D.C. Sniper Competent to Defend Himself?

Defense lawyers for John Allen Muhammad, the D.C. Sniper, argued on Tuesday that he was incompetent to represent himself for two days of his 2003 trial.

The hearing at the 4th U.S. Circuit Court of Appeals could reverse Muhammad’s conviction and sentence, or could result in a new jury trial.

Muhammad was sentenced to death in 2003 for the murder of Dean Meyers, one of the 10 victims of Muhammad and his 17-year-old accomplice Lee Boyd Malvo. Malvo, the shooter, received a life sentence for his role in the shootings that terrorized Virginia, Maryland, D.C., and much of the eastern seaboard in 2002.

In the 90-minute hearing, Jon Sheldon, Muhammad’s defense attorney, cited evidence that his client’s brain was damaged by childhood beatings as cause for Muhammad’s incompetence, according to a report by the Richmond Times Dispatch. Sheldon argued that Muhammad should have received a psychological evaluation before being allowed to act as his own defense.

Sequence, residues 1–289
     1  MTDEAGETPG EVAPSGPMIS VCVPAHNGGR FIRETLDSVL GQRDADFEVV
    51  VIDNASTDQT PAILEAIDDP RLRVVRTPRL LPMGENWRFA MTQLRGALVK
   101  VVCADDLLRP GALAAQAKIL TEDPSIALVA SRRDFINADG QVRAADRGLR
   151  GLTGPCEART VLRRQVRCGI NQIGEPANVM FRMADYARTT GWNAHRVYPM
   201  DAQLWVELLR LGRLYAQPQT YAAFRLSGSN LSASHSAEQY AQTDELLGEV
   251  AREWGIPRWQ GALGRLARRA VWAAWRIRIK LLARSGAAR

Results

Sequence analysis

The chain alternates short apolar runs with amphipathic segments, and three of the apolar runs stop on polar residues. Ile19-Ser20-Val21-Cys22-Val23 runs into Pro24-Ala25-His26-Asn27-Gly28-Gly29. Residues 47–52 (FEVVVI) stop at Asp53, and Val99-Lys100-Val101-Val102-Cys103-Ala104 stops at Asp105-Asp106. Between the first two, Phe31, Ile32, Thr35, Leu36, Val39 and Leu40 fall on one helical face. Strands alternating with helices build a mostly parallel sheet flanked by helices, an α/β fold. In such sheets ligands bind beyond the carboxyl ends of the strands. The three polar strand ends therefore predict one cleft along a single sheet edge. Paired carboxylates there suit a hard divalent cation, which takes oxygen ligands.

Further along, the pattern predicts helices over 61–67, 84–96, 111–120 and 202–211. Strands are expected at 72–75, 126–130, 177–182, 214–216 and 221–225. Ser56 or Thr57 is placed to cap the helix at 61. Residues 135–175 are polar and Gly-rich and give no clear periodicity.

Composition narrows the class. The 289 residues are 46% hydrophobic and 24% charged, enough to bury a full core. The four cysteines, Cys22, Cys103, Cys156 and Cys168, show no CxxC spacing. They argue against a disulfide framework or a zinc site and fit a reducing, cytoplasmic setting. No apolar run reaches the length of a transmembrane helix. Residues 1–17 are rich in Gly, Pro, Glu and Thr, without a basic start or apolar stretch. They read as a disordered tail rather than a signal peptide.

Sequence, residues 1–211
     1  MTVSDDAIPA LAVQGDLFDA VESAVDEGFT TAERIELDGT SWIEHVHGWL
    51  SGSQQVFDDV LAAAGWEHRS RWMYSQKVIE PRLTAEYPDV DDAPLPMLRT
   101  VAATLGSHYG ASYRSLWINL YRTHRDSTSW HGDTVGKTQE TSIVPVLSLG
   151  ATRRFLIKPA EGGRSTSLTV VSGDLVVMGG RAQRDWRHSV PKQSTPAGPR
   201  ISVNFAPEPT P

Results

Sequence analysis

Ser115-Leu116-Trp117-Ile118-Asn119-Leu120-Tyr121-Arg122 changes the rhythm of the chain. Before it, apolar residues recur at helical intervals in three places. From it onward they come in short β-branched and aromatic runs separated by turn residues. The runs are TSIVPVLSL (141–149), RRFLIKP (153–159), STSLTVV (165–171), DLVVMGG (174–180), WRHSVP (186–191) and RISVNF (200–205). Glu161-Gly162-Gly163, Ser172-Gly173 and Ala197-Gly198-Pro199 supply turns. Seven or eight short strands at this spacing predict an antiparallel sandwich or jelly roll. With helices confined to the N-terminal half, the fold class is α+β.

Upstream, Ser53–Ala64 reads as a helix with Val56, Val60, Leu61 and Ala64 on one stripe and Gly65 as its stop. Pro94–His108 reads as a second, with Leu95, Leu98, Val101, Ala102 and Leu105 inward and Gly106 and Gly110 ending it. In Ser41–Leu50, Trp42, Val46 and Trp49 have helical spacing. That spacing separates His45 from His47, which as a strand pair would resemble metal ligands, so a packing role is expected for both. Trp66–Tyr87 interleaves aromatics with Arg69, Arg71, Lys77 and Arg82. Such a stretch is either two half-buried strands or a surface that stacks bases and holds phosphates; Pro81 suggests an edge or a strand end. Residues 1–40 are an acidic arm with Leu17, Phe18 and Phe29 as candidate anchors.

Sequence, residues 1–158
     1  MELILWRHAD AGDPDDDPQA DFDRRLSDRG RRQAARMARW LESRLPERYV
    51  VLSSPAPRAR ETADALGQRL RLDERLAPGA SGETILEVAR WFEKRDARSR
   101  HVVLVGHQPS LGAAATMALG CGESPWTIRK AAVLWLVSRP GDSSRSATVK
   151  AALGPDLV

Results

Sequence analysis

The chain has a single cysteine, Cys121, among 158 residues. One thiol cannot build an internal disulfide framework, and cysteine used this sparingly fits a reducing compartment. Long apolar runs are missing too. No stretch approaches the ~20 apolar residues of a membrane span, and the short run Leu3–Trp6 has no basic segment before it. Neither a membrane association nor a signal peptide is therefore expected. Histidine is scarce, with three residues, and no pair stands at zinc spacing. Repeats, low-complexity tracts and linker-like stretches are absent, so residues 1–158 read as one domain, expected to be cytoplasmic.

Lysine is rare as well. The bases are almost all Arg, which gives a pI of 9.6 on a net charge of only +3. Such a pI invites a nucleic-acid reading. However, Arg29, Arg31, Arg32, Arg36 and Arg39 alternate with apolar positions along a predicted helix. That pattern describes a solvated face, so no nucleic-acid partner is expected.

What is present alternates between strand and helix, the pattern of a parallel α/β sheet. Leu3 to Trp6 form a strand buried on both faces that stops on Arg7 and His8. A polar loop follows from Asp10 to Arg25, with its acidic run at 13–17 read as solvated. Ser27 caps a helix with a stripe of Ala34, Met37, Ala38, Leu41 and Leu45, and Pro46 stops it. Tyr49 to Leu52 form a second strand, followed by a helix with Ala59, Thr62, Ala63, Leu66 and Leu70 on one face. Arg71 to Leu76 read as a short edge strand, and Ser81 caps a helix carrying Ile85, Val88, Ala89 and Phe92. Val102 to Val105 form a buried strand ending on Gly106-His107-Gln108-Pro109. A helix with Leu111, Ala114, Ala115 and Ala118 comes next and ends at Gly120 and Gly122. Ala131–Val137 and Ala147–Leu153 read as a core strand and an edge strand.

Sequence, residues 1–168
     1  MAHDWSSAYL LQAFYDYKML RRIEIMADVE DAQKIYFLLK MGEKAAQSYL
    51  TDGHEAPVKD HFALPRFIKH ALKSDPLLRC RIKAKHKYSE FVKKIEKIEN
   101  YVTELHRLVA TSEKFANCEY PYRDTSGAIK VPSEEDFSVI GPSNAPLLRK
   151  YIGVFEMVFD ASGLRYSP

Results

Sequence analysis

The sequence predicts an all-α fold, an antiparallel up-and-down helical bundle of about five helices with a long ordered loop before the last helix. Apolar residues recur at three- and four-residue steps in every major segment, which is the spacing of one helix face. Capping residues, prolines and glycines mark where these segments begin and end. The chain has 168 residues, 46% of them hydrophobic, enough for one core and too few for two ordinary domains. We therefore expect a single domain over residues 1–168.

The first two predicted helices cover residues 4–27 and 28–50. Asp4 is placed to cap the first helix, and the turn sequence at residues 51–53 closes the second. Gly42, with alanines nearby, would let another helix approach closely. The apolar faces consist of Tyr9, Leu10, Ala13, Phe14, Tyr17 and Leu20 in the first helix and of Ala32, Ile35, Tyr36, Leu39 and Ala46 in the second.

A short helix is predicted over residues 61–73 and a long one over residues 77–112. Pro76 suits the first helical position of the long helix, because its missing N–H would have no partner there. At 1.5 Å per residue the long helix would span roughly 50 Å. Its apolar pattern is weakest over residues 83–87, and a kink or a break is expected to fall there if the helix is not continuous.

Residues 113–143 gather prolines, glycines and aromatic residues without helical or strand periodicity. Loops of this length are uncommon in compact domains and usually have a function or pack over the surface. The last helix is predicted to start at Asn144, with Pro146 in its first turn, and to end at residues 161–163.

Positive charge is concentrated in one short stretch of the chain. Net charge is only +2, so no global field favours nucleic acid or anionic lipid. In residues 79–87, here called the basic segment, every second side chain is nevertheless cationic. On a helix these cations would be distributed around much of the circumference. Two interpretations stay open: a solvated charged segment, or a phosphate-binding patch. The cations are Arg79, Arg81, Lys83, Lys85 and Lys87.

Sheldon told the three-judge appellate panel that Muhammad “was seriously paranoid” at the time of trial, making claims that he “might be from another planet and was a prophet.”

“Counsel was ineffective for failing to alert the court,” he added, and that the court “would have had an absolute obligation under Virginia law to hold a competency hearing.”

Sheldon argued that allowing Muhammad to defend himself in this state violated his Sixth Amendment rights to have competent representation.

Katherine B. Burnett, representing the attorney general’s office, countered that Muhammad’s actions in court were proof of his competence.

“It was a very foolish and unwise decision,” she said, “but he wasn’t incompetent.”

Sheldon said that if Muhammad hadn’t represented himself he “would not have made those crazy statements to the jury,” referencing Muhammad’s claim that the state’s case against him was “insane lies.”

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